George told of running into his brother Stanley on Havalo Island, a small place in the Florida group, near Guadalcanal. It was their first meeting in almost a year. George was then struck down with malaria and spent more than a week in a Navy hospital. Relieved to have survived the battles and diseases, he commented on the beauty of the South Pacific.
The multicolored coral reefs offshore against the blue of water and sky were unforgettable. We didn't notice the difference in weather too much and wore swim suits or shorts and were pretty comfortable on our patrols. We didn't swim much, though, it wasn't worth it when you had to fight the fungi and keep it off your ears and hands.
After his discharge from the Navy George returned to South Bend where worked for a short time as a gyppo logger and then for Weyerhaeuser until.retirement in 1982.
S/Sgt. Don Hatfield
388th Bomb Group
8th Air Force
Raymond native Don Hatfield entered the Army Air Corps on Sept. 25, 1942. Gunnery school was at Tyndall Field, Florida and crew organization took place at Amarillo, Texas. Don and fellow crew members were sent overseas by ship, leaving New York for Scotland in mid-October 1943. After a train ride south to the former RAF Knettishall Air Station near Norwich, Don and mates quickly settled in to prepare for their first combat mission. The maximum number of missions required during this period of the war was 25.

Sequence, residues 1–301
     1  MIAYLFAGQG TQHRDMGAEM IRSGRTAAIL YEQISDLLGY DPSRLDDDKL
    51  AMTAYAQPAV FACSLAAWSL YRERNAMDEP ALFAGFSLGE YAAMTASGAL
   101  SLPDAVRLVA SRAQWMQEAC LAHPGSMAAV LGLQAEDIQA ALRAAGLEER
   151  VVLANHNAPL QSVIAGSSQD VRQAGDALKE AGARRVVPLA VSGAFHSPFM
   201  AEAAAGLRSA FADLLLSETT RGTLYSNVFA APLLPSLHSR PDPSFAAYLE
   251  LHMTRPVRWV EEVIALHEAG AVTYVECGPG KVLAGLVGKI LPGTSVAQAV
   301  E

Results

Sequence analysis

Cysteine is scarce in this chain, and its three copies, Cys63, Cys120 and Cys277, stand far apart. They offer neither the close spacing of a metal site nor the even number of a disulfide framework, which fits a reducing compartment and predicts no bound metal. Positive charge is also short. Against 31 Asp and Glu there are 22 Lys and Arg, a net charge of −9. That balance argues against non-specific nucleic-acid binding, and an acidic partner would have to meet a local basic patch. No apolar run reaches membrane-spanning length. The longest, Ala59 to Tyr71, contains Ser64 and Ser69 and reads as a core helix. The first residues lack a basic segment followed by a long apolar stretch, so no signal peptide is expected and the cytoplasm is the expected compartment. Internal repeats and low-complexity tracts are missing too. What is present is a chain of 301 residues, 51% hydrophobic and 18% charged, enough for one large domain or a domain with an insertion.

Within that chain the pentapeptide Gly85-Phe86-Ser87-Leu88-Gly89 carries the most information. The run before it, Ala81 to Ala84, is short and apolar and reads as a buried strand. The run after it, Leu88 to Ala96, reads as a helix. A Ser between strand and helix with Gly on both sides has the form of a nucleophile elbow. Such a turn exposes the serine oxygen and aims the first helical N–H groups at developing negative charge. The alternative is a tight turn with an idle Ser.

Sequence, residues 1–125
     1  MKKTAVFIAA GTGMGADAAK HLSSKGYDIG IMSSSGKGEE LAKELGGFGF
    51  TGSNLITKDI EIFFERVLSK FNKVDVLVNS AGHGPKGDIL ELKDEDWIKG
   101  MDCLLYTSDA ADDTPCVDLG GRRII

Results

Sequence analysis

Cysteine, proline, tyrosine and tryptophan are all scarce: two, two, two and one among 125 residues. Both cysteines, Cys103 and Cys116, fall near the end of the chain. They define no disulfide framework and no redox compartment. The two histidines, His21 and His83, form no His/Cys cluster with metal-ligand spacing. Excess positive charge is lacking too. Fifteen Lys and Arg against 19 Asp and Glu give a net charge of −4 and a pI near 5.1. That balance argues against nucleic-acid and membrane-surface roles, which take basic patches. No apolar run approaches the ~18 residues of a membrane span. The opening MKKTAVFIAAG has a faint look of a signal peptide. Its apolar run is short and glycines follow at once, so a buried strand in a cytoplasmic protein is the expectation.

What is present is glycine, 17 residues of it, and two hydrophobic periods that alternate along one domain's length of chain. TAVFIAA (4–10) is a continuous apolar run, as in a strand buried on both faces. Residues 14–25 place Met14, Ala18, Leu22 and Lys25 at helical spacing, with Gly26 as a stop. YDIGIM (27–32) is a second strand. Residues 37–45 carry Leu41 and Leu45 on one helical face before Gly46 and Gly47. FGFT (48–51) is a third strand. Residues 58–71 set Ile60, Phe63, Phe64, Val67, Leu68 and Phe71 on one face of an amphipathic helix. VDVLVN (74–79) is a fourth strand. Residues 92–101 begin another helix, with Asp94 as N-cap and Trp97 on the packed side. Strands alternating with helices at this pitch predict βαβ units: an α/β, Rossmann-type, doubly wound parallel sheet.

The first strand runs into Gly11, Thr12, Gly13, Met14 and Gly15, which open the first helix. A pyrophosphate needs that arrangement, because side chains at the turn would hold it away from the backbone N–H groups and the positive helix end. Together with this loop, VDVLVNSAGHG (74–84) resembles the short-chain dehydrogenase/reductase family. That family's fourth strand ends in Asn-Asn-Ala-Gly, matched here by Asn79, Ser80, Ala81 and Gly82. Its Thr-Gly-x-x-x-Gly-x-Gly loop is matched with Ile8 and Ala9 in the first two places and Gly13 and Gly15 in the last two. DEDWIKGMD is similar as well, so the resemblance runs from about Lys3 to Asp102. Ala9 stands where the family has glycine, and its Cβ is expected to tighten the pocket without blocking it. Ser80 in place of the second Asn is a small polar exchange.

Answering a question about the bombing missions, Hatfield recalled the longest missions to Posen, Poland, on Feb. 20 and 24, 1944. There were two other trips that were especially dangerous. On one his plane survived more than 50 hits, with at least 100 holes caused by the exploding flak. On another, the ship, called 'Winged Fury,' limped home alone, with only two and a half engines. Fellow airmen were used to the news of lost or killed crews and often helped themselves to personal items of those who did not return to the home base. When Don's ship finally made it back to the base he found someone helping himself to his clothing and dress shoes. He firmly announced to the man, "Put my stuff back."
Another story told was of the B-17 last seen with an engine smoking , heading northward towards Sweden. The opportunity for crippled bombers to land in Sweden was not a simple or easy option, but was sometimes used by desperate Allied airmen. In this case, Hatfield claimed that the crew of this bomber had taken their dress clothes with them on that particular mission.